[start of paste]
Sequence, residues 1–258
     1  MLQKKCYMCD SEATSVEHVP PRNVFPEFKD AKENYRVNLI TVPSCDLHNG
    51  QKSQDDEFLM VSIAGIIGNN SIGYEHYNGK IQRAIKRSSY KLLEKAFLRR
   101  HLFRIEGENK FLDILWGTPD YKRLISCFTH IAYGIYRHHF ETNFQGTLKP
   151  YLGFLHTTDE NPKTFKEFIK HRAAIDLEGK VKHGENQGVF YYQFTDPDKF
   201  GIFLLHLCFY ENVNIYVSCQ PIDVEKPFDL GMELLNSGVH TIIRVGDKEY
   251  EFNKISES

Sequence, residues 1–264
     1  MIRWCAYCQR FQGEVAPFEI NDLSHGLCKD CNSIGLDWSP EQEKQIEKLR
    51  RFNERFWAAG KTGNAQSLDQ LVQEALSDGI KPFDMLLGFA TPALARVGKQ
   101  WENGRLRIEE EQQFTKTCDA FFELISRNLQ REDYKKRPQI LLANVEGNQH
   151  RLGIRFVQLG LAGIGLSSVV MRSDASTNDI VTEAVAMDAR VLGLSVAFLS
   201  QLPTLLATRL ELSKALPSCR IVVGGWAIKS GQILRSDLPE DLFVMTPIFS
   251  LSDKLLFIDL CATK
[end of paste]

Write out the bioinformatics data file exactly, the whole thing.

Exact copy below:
Sequence, residues 1–258
     1  MLQKKCYMCD SEATSVEHVP PRNVFPEFKD AKENYRVNLI TVPSCDLHNG
    51  QKSQDDEFLM VSIAGIIGNN SIGYEHYNGK IQRAIKRSSY KLLEKAFLRR
   101  HLFRIEGENK FLDILWGTPD YKRLISCFTH IAYGIYRHHF ETNFQGTLKP
   151  YLGFLHTTDE NPKTFKEFIK HRAAIDLEGK VKHGENQGVF YYQFTDPDKF
   201  GIFLLHLCFY ENVNIYVSCQ PIDVEKPFDL GMELLNSGVH TIIRVGDKEY
   251  EFNKISES

Sequence, residues 1–264
     1  MIRWCAYCQR FQGEVAPFEI NDLSHGLCKD CNSIGLDWSP EQEKQIEKLR
    51  RFNERFWAAG KTGNAQSLDQ LVQEALSDGI KPFDMLLGFA TPALARVGKQ
   101  WENGRLRIEE EQQFTKTCDA FFELISRNLQ REDYKKRPQI LLANVEGNQH
   151  RLGIRFVQLG LAGIGLSSVV MRSDASTNDI VTEAVAMDAR VLGLSVAFLS
   201  QLPTLLATRL ELSKALPSCR IVVGGWAIKS GQILRSDLPE DLFVMTPIFS
   251  LSDKLLFIDL CATK